Is this normal??

Hi all, I'm in need of some advice please,

I've been suffering with suspected shin splints since January, prior to that I managed to get to the end of week 5 without any problems. Then I got my gait analysed and bought some proper running shoes/inserts at Sweatshop, and by the third run of week 6 I had an incredible aching in my left shin, and a bit of a swelling. I could also feel the impact of walking up and down stairs.

In the last 4 months I've done a few runs of week 5 run 1, but I've always found by the 3rd run I had to stop as I could feel my shin again. I've now been referred to a physiotherapist, who doesn't think my shoes or insoles are the problem - apparently the leg muscles in both my legs are very tight, but especially in the left.

I've been doing lots of calf stretches as advised by the physio, but I went running on Tuesday night and found it such a struggle - my calf muscles literally felt like they were popping out of my legs, I could feel the impact in my shins and when I stopped running, I couldn't hold some of the stretches more than a few seconds because my ankles felt too tired to hold them.

So I have 3 questions which you may or may not be able to help me with:

1. Is it normal to feel like this when running/once stopped? or...

2. Can shin splints make your calves and ankles feel this way?

3. Is it possible shin splints are not the problem, and actually there's something else wrong?

Really grateful for any advice, as I'm at my wit's end and feel like giving up the whole thing. I haven't got another physio appointment until the end of May now.

Thanks.

6 Replies

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  • It could absolutely all be related, tightness in your legs can contribute to shin splints and vice versa in my experience so you get into one of those self-fulfilling spirals!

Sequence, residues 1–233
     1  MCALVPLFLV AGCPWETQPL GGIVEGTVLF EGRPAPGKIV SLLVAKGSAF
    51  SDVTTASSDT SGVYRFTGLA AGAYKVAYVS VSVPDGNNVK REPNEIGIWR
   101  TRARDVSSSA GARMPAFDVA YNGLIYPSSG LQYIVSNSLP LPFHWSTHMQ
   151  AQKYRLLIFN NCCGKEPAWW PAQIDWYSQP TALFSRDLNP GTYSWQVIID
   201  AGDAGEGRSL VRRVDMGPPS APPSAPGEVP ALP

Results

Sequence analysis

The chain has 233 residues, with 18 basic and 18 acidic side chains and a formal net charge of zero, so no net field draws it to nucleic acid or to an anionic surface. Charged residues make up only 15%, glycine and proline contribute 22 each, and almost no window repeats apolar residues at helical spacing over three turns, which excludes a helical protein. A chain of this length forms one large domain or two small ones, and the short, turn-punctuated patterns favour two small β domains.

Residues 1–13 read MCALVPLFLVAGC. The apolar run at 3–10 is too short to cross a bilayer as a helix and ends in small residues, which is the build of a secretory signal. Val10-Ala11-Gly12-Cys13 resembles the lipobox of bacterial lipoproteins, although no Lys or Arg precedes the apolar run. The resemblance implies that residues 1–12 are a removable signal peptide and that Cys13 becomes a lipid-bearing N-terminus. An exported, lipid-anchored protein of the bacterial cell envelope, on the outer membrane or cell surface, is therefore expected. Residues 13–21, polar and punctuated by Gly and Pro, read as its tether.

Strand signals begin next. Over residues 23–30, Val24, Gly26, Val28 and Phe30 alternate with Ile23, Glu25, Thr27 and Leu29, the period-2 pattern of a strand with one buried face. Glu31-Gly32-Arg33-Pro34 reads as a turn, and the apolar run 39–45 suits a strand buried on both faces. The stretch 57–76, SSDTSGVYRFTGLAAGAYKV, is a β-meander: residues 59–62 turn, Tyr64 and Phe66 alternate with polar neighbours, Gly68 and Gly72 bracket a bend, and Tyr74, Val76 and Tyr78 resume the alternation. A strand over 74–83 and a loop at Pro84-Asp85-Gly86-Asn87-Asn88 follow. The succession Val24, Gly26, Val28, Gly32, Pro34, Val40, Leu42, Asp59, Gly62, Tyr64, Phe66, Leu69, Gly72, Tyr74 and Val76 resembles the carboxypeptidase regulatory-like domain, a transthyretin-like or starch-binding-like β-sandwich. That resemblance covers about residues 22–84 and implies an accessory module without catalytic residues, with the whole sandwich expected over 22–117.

It might be worth a bit of sports massage to start working it out and/or a foam roller as well as the stretching.

    As you do these things also work on your lower leg strength, if you search for exercises there are plenty and all free :-)

    It might take a few weeks but persevere, its all defeatable. But you need to work on both the tightness and strength together.

  • I'm no expert, but I think it might be a good idea going to the doctor's... Physios don't always know about everything. Or try another physio?

    Sorry to not be more helpful...

    Good luck xx

  • If you've had your gait analysed, youve probably already looked at this, but just in case not, which part of your foot do you land on? Landing on your heels can cause lower leg (and knee) problems. I get aching shins if I run faster, or harder, but am ok if I go slower/gentler. But the soreness has always gone within a day or so. I'd be wary of running more if they're already painful.

  • If you've changed your running shoes they will probably have more shock absorption than your last shoes as most trainers lose this over time. So when your running and you heel strike more energy is absorbed by the shoe... you then need more power from the muscles of your lower leg and foot for toe off/push off.

    If your muscles are weak or don't have the stamina for this increased power they need then this could cause the pain your describing. Also I wouldn't rule out your new shoes and inserts - they may have corrected your foot position but your muscle length/joint position etc will have adapted over the years to the foot position you had previously. Suddenly correcting your foot position won't correct these things automatically and this can also cause aches and pains.

    Personally I'd maybe try some strengthening work, repetitive loading of the muscles to build up the stamina, stretches and go back to your old shoes before gradually building up the amount of time you run in your new trainers.

    But you need a proper assessment to work all this out... has the physio looked at you running in your old and new trainers? If your not happy find another physio with an interest in sports rehab.

  • I think you should go to a sports physio or doc. You really need someone who has special training in sports injuries and often 'normal' physios and GPs just don't have this.

    Hope you get it sorted.

  • I have just posted this, that may help.

    healthunlocked.com/couchto5...

    Like you I bought my shoes from Sweatshop, and also paid for the insoles they made. I was really happy with the service at Sweatshop, but the insoles were truly rubbish. Worn flat in 3 months! I have 'proper orthotics' from my physio. They were more expensive, but so much better. They are solid plastic formed things, and you really feel the support.

    As for calf pain, you really need to stretch them out after a run, and that should do the trick. If they still hurt when running, try easing off a little.

    I hope some of this helps

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